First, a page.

DOUGLAS COUNTY, Neb. – People across the country have set up temporary offices in their kitchens, living rooms, and bedrooms as a result of the coronavirus pandemic.
However, working from home isn’t just cramping people’s style, it is also resulting in unexpected aches and pains in their neck or back.
In Douglas County, Nebraska, Judge Horatio Wheelock has been presiding virtually.
“Is this the future? I don’t know,” he says.
Like millions of Americans, his home has become his office. Thanks to technology, it’s possible.
But a lot of us are finding it can be a pain…literally.
“People are reporting their backs are a little bit sore, they’re feeling more neck pain, headaches,” says Dr. Kristin Somerville, Clinical Instructor-UNC School of Medicine.
Dr. Somerville says it’s likely related to both how we’re sitting, and where.
She recommends to skip working from your bed or couch and opt for a supportive chair in front of a counter or desk, to improve your alignment.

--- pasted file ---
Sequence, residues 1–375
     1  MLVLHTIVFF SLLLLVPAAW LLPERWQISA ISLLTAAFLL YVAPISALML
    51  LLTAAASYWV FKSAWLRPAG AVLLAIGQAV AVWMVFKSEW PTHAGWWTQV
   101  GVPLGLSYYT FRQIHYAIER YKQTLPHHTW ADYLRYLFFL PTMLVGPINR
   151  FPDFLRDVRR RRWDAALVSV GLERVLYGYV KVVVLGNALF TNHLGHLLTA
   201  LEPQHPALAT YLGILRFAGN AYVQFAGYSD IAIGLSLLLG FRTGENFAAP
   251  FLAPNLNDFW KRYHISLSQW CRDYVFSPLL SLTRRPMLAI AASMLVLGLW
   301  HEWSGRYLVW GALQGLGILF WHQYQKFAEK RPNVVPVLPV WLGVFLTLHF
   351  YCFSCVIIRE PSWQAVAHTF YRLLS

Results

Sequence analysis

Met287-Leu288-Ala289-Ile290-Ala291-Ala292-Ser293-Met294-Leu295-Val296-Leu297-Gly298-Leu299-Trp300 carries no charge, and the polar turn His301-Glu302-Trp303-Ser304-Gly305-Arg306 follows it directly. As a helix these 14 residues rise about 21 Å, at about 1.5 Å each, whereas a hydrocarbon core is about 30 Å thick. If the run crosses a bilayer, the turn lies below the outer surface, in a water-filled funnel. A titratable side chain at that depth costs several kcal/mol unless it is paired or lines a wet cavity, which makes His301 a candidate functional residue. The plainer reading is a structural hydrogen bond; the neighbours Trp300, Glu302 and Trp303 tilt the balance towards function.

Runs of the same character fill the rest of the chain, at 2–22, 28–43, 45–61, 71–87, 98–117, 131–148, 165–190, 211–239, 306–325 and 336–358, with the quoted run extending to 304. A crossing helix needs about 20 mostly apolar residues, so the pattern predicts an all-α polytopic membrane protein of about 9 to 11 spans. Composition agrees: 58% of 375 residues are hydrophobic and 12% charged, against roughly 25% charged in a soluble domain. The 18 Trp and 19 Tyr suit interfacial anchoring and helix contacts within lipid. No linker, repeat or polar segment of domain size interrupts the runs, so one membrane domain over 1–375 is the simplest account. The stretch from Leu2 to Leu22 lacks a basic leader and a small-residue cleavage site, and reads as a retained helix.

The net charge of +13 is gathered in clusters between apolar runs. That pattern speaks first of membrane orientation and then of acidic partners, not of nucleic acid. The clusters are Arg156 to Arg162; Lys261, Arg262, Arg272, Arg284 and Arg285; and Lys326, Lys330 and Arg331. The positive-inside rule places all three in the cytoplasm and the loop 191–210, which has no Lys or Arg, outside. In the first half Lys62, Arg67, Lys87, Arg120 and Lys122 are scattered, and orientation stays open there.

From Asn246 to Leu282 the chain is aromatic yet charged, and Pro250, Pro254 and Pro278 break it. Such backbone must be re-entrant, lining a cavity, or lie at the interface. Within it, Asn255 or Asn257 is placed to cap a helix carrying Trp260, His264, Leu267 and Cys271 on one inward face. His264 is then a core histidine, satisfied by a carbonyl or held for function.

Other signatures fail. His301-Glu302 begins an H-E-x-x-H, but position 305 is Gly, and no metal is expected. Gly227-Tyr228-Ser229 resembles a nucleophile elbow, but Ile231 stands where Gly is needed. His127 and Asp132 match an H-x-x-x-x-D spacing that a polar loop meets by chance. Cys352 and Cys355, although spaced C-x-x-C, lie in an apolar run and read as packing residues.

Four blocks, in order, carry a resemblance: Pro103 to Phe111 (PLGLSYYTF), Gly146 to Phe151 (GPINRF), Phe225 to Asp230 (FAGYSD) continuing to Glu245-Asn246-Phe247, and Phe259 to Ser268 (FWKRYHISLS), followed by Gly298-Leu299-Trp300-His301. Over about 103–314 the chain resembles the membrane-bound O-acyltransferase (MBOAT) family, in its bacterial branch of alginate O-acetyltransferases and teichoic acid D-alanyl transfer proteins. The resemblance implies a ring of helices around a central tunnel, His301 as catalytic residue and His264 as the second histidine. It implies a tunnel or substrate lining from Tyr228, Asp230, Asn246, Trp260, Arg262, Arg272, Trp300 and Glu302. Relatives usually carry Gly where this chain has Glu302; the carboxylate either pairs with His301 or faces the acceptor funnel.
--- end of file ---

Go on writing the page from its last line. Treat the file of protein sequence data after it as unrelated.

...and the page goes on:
“You should have your hips in line with your shoulders, which should be in line with your ears,” Dr. Somerville adds.
She says aim to work in natural light over harsh overhead light that can lead to eye strain.
“That could also lead us to lean into the computer, having that rounded shoulder, head forward posture which increases stress, not only on our neck and shoulder, but also our backs,” she says.
Take a mini walk or stretching breaks, every hour if possible.
“It’s okay if we’re not in the best ergonomically position, but as long as we’re not staying there for three, four or five hours at a time,” continues Dr. Somerville.
Small changes can make a big difference in your new home-office life. Dr. Somerville says in a perfect world, your computer screen would be at eye level, while your keyboard would be much lower.
So, if you have a laptop, try to position if at roughly chest height.